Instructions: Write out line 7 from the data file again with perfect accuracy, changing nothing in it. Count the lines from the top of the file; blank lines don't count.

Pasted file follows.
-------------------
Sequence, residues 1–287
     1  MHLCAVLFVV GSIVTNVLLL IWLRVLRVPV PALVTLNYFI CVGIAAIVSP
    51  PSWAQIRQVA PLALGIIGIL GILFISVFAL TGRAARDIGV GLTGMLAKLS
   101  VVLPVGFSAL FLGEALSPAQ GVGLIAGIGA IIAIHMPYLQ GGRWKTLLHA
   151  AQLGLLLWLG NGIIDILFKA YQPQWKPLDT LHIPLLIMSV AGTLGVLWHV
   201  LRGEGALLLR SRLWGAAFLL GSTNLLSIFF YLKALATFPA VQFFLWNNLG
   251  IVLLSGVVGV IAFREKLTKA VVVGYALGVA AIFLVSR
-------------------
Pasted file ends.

   251  IVLLSGVVGV IAFREKLTKA VVVGYALGVA AIFLVSR